This is a cheap lab bench power supply that given its flaws is a surprisingly solid piece of equipment. I wouldn’t call this a precision power supply, but its tolerances and ripple are acceptable for ordinary bench work. (And really, if you’re doing precision work, you’ll invest in a precision supply anyhow.)
There are two methods for communicating with the unit: a serial interface and a proprietary binary USB interface. One may use either the DB-9 connector or USB to access the serial interface.
I wrote a Python wrapper for the serial protocol to encapsulate the various tidbits of information I’ve encountered on the Internet. The firmware is buggy and there are various gotchas. Hopefully the Python wrapper will address the worst of the problems one might encounter.
Polymorphism has saved my buns quite a few times on various projects. When using languages that support interfaces, like Java or Delphi, I tend to design around them. This allows me to focus on functionality rather than classes.
In other words, when interfaces are passed around and used, rather than classes, I ultimately don’t care what the class is “hiding behind” the interface. The only question is whether that class provides the functionality the interface “contract” specifies. New functionality can be obtained seamlessly by hiding a new class behind the required interface. Similar comments can be made about the strong information hiding aspect of interfaces.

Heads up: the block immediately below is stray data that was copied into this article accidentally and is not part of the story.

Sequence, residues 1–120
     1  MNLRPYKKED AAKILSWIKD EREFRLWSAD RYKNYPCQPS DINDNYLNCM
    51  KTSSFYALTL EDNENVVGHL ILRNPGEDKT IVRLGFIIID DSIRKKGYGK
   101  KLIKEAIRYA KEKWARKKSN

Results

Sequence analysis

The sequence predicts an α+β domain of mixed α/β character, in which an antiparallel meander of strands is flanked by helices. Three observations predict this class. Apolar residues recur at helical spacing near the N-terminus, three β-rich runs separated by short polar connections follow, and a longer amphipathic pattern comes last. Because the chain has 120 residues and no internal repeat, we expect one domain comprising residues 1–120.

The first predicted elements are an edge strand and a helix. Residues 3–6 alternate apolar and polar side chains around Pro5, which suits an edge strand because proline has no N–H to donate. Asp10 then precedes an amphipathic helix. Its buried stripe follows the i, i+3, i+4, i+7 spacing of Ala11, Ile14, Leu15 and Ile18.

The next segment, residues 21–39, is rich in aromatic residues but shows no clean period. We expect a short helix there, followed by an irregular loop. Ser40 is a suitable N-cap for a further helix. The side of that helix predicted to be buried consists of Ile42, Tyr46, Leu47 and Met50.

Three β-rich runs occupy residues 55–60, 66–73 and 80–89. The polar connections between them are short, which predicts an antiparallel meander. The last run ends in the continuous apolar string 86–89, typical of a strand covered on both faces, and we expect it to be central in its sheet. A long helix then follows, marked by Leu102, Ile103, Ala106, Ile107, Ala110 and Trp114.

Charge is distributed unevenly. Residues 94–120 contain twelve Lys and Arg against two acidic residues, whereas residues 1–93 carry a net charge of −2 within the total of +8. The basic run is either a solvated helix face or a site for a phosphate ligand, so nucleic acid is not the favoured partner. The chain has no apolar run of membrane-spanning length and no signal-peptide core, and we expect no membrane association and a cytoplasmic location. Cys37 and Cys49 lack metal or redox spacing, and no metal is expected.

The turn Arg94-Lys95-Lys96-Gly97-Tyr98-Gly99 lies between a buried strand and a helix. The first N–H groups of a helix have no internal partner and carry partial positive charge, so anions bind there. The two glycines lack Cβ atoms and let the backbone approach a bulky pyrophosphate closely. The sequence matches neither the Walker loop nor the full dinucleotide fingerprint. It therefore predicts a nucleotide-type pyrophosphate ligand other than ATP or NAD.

Objective C protocols are similar in many respects to interfaces. The one big syntactic difference that bit me was that you can’t declare a variable’s type to be a protocol. In the following example, I can’t declare myLocalVariable to be any kind of protocol (something I would do in other languages).
@protocol SomeProtocol - (void) foo; ... @end . . . SomeProtocol myLocalVariable; //SomeProtocol *myLocalVariable; <-- this is also wrong … [myLocalVariable foo];
Having found interfaces a key language feature when designing, this caused some heartburn at first. Objective C, however, allows one to include a protocol in type declarations. Thus, the code becomes:
myLocalVariable; … [myLocalVariable foo];
With this syntax, I can continue to focus on designing around functionality rather than classes.
But Wait! There's More!
If id <SomeProtocol> has your gears turning, you can apply the syntax one step further. This may only be useful in specific situations, but here it is for the record.
You need not stop at the generic id, and may use any class. For example, given a parent class ParentClass, you could ensure that a variable accepts any descendant of ParentClass that also supports the SomeProtocol protocol thus:
*myLocalVariable; … [myLocalVariable foo];
Note that you must still pay attention to the usual caveat that id is an implied pointer declaration, and must not include the star (*) after it like all other classes do. id is still the equivalent of (void *).